Be prepared from a visit by your farrier by following these guidelines!

  1. Have your horse(s) ready before they arrive. Get them out of the pasture and have them in a stall waiting or tied waiting when your farrier/vet arrives. Farriers sometimes run behind schedule.  This is just part of working with animals; they don't run on our schedules.  However, it is good practice to be ready for them at the appointed time.
  2. Make sure the horse(s) are reasonably clean. They don’t need a full bath, but hose and dry muddy feet, pick hooves and clean loose hair/dirt from the body.    
  3. Have fly spray available and apply (if necessary) before they arrive.
  4. Have a place set up at your location for the farrier to work on your horse. This can be as simple as a hitching rail under a tree or in your barn aisle. It should be level, dry, well lit and if outside, preferably in the shade and/or next to a wind block.  If shoeing is required, a power source should be readily available.
  5. Put your pets away.  They can be a distraction for the horse and therefore harder on the farrier.
  6. If you have small children, have an extra person with you to hold the horse or watch the kids.
  7. Always have someone hold the horse; do not plan to have the horse tied when being worked on. It is safer if your horse is untied while being worked on.
  8. Do not allow additional horse traffic down the aisle or near the horse during the visit.
  9. Do not allow other horses to interact with the horse being worked on; do not allow them to smell each other.
  10. If the visit is near feeding time, try to coordinate so the horse isn't being worked on when grain is being poured/hay is being thrown.
  11. Don’t allow distractions like a tractor, a wheel barrow, etc to come by until your farrier has finished their work or is at a convenient stopping point. When someone is standing under a horse, it is not a good time to add commotion.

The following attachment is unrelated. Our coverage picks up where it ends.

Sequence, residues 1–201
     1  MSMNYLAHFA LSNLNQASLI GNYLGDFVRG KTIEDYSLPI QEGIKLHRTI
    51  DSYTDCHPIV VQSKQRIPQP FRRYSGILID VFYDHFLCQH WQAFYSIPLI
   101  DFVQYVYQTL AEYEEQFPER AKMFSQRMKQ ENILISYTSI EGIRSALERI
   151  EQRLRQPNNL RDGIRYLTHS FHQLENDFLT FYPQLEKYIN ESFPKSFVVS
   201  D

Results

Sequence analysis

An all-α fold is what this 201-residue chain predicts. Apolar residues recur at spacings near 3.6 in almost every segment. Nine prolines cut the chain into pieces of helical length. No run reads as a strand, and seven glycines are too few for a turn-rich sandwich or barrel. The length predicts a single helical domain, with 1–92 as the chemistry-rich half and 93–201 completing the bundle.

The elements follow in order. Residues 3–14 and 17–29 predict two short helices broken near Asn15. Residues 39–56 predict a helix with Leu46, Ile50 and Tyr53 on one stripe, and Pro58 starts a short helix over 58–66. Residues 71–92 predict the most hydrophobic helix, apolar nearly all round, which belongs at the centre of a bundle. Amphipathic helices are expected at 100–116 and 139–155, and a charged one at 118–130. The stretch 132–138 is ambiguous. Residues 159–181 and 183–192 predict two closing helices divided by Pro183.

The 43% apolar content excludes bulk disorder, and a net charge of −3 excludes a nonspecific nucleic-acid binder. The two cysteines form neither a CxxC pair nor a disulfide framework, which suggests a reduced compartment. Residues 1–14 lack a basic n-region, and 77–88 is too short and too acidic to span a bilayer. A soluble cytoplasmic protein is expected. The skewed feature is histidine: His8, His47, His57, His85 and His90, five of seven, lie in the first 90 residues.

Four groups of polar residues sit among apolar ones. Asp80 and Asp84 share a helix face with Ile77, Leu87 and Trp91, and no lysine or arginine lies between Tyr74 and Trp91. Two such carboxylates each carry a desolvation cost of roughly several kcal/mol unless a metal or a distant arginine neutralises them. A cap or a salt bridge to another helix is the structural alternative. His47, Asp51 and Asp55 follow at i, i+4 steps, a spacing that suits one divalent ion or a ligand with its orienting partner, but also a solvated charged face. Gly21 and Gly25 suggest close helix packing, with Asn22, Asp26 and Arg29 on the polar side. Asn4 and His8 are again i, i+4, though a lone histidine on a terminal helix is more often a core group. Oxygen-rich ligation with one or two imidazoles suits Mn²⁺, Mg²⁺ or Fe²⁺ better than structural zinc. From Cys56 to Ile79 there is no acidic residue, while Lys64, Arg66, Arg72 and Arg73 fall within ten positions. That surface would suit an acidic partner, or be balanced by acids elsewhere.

12. For safety, stand on the same side as your farrier is working.
  13. Other distractions such as allowing the horse to eat grass while being worked on make the job more difficult due to weight distribution. The horse should be standing square, head off the ground and facing forward.
  14. Work on preparing your horse to stand quiet for a period of time and pick up feet in preparation for farrier visits. Anxious or fractious horses can create additional stress while being worked on. Hire a trainer if you need help – it is worth the money spent to have a horse that stands quietly.
  15. Be sure the halter fits well for the horse being worked on.  A poorly fitting halter can give the horse additional room to move and may easily slip out of it. If your horse runs through the halter, try a bridle. Do not tie a horse with a bridle.
  16. Don't make your farrier or veterinarian ask you about payment.  Be proactive and have payment ready or have an agreed upon payment plan.

Brought to you by the Minnesota Horse Council Education Committee;

the information is intended for guidance purposed only.

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